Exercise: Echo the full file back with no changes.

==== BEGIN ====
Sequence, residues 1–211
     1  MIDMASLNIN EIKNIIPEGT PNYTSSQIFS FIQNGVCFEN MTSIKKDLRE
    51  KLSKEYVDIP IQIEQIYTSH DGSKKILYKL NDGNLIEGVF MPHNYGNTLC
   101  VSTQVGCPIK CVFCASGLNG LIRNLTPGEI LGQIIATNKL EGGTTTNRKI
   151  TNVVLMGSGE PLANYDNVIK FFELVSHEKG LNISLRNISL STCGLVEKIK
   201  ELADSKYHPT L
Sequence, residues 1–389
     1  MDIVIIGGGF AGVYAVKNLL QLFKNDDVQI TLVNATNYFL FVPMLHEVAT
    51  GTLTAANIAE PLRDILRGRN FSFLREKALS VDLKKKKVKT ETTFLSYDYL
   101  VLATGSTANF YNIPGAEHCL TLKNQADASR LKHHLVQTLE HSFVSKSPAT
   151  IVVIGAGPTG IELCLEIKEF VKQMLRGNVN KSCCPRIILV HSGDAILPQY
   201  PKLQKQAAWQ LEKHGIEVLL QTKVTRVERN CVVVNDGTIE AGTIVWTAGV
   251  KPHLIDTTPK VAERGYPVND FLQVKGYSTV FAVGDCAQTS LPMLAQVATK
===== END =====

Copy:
Sequence, residues 1–211
     1  MIDMASLNIN EIKNIIPEGT PNYTSSQIFS FIQNGVCFEN MTSIKKDLRE
    51  KLSKEYVDIP IQIEQIYTSH DGSKKILYKL NDGNLIEGVF MPHNYGNTLC
   101  VSTQVGCPIK CVFCASGLNG LIRNLTPGEI LGQIIATNKL EGGTTTNRKI
   151  TNVVLMGSGE PLANYDNVIK FFELVSHEKG LNISLRNISL STCGLVEKIK
   201  ELADSKYHPT L
Sequence, residues 1–389
     1  MDIVIIGGGF AGVYAVKNLL QLFKNDDVQI TLVNATNYFL FVPMLHEVAT
    51  GTLTAANIAE PLRDILRGRN FSFLREKALS VDLKKKKVKT ETTFLSYDYL
   101  VLATGSTANF YNIPGAEHCL TLKNQADASR LKHHLVQTLE HSFVSKSPAT
   151  IVVIGAGPTG IELCLEIKEF VKQMLRGNVN KSCCPRIILV HSGDAILPQY
   201  PKLQKQAAWQ LEKHGIEVLL QTKVTRVERN CVVVNDGTIE AGTIVWTAGV
   251  KPHLIDTTPK VAERGYPVND FLQVKGYSTV FAVGDCAQTS LPMLAQVATK